A Modern Woman’s Take on Gender Roles and Relationship Etiquette by Chanel Hardy

Gender stereotypes and relationship etiquette have been a part of society for the longest time. Standards and rules put on us by a patriarchy and our peers. But there is a line between relationship etiquette that is forced and by choice. My own idea of relationship etiquette is taking on certain responsibilities by choice, and not because of the forceful stereotyping of gender roles.pizap.com15143902201001

I’ll use my marriage as an example. I never take the garbage out because my husband always takes care of it; He never does the laundry because I take care of it. We don’t take on these responsibilities because we believe it is the other persons job as a man or woman. We do them because we want to, and feel it is a civil gesture and a thoughtful thing to do for the other person.

In my teen novel, ‘My Colorblind Rainbow’ both main characters deal with gender stereotypes pushed on them by their families. One character even being told that she should be a homemaker just like her mother. Growing up and even now, the idea of a woman doing certain things, like cooking for her man was and still is considered a standard for heterosexual relationships. In my home, we both work, share most of the cleaning duties, and bills are taken care of with one joint account. But as a woman, I still value certain traditional things when it comes to caring for my spouse. I love cooking. I have home-cooked meals prepared at least 5 days out of the week. When I worked nights, I made sure it was prepared before I left for work. If my husband is working a night shift, I’ll have his plate in the microwave waiting for him when he gets home. I know how “June Cleaver” that sounds of me, but it is in no way out of obligation. I simply value the idea of taking care of my spouse, just as he does.

mcrm1 (2)

Gender roles tend to have their place in some gay relationships as well. Based on my own research, I found that some gay men and women feel the pressure to be dominant or submissive in their relationships. I conducted a study of my own, Where I surveyed males and females with different sexual orientations and relationship statuses. 30% of respondents said that they like the idea of gender roles in relationships while the other 70% said no. The 30% that said yes, were all female, who also considered their partner to be the dominant one in their current relationships. 10% of respondents who identified as bisexual or gay, believe in relationships having a dominant partner as well, which leads to certain expectations along the lines of gender roles despite both partners being the same sex.

Most would agree that nothing guarantees a long-lasting relationship. There is no certain right or wrong way.  But I do believe that relationship etiquette is important, because it shows your significant other that you value and appreciate them. Society has progressed a lot over the years allowing women to escape submissive gender stereotypes, but I do think it can be beneficial for love, to retain some of those old-fashioned values.

25398766_10215419066256670_4997676550273093465_nBorn and raised in Washington D.C., writing has been my passion since I was young. I started writing my first book, My Colorblind Rainbow at 22, not actually pursuing a career in writing at the time. At 26, I decided to continue writing, taking a leap of faith and following my dreams of self-publishing. Fantasy, sci-fi, and teen fiction are my preference. I want to write for LGBTQ, marginalized races and genders, but my main goal is to reach out to young black women and be that positive representation in literature that we love, but often don’t see.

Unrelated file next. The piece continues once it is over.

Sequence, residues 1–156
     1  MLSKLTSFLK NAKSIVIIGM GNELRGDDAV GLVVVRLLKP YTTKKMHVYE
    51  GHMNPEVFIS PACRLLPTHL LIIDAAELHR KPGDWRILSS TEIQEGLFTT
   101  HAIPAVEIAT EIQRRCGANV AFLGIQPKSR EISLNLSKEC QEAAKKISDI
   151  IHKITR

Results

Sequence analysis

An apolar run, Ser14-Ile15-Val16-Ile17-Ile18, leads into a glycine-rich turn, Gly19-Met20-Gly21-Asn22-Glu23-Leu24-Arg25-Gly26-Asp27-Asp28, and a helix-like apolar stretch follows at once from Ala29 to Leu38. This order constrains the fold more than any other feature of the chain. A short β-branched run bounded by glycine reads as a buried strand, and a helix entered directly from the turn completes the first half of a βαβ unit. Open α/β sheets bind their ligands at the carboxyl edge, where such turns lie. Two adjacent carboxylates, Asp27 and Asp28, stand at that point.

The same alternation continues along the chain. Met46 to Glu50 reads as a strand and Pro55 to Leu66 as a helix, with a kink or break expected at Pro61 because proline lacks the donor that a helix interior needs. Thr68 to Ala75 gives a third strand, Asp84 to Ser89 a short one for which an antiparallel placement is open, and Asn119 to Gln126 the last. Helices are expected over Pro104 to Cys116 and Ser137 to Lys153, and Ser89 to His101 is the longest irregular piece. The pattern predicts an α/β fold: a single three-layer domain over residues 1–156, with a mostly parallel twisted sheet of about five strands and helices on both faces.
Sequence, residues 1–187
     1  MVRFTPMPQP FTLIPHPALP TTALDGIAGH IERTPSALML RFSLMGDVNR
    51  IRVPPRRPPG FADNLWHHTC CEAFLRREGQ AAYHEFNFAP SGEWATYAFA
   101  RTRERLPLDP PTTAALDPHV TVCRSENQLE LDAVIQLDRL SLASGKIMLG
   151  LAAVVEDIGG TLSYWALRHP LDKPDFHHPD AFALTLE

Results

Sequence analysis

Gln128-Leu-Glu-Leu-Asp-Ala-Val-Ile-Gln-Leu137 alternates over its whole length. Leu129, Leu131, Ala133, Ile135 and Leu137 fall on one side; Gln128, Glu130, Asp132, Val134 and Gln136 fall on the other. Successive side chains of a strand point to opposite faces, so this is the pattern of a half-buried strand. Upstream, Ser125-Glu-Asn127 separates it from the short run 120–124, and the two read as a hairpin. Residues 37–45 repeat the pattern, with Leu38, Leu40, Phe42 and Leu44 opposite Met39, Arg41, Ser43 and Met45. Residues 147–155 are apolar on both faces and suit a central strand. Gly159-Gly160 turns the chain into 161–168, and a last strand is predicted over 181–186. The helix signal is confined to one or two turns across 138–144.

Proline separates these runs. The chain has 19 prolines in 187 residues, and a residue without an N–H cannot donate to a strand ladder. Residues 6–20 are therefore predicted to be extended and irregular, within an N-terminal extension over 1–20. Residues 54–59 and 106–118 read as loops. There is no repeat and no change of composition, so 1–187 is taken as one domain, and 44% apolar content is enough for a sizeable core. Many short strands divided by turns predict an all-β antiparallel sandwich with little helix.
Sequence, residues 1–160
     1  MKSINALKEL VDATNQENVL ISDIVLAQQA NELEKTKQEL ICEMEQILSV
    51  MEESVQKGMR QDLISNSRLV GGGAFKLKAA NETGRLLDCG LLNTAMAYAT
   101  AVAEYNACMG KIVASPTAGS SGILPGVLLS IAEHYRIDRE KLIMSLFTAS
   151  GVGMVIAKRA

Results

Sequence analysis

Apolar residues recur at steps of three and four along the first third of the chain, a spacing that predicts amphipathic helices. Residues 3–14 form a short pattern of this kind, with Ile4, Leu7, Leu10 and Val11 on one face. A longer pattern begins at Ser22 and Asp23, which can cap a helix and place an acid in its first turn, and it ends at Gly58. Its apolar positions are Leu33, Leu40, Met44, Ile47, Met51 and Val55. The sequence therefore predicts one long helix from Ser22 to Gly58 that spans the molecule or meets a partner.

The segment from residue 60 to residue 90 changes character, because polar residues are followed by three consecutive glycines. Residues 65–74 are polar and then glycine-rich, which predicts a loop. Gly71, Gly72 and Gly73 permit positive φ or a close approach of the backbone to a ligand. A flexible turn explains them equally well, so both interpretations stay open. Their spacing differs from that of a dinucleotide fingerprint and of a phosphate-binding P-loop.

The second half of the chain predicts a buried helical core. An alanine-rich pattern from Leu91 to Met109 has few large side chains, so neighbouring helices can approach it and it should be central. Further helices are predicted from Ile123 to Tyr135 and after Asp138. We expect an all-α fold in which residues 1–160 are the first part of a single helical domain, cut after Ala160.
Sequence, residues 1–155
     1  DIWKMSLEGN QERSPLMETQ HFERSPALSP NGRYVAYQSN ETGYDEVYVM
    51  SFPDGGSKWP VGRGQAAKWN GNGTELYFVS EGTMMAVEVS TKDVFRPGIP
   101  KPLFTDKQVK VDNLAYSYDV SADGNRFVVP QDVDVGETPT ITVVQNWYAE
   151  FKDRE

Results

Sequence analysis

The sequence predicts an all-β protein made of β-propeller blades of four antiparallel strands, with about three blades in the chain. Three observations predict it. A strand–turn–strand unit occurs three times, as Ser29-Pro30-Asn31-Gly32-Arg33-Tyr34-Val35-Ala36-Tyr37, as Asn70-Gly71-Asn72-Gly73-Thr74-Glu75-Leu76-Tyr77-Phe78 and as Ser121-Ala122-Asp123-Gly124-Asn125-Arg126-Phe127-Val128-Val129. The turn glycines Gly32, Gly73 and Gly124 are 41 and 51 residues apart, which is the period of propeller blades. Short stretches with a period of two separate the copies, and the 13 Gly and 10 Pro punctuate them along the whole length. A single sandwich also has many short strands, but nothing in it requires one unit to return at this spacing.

1. I like the idea of this post, but I think the final message about keeping “traditional values” is contrary to the earlier message of “I do this because I enjoy it, not because it is a gender role” i feel this could have been offset by mentioning a way in which you both break gender roles for each other– or mentioning something that you both enjoy that is opposite to trad. gender roles. it may have also been possible to re-iterate that it is fine that some men and women enjoy trad. Gender roles, but celebrate that men and women (mostly women) have the liberty to break away from those roles, and to celebrate how, when, and why this can be positive. Many women are still subject to sexist views from fathers, male partners, and female members of their families as well.

    In terms of LGBT relationships, I’ve seen many videos and some memes where people openly break the idea of having gender roles in a relationship because it’s offensive that heterosexual people would impose gender roles on their relationships and thus simplify that relationship to a stereotypical and sometimes derogatory way of thinking after all, neither girl is a man. While I realize many LGBT people have internalized gender roles, (terms like butch, femme, twink and bear to describe physical qualities and level of femininity/masculinity) have been around for decades…)I would have appreciated seeing the gender-role breaking actions of GLBTQ people alongside your observation that gender roles can be preserved.


  2. Thank you for your feedback Anna! I also wanted to add that mentioning how we share certain responsibilities such as cleaning, bills, ect.. was my way of showing female liberation in a sense that not every aspect of my relationship is based on gender roles. But my main point while writing this piece was that relationship etiquette can be beneficial when it’s an act of kindness and love, and although we live in progressive times, it is perfectly normal to still have some of these standards in relationships, because feminism is also about freedom of choice, after all.


Comments are closed.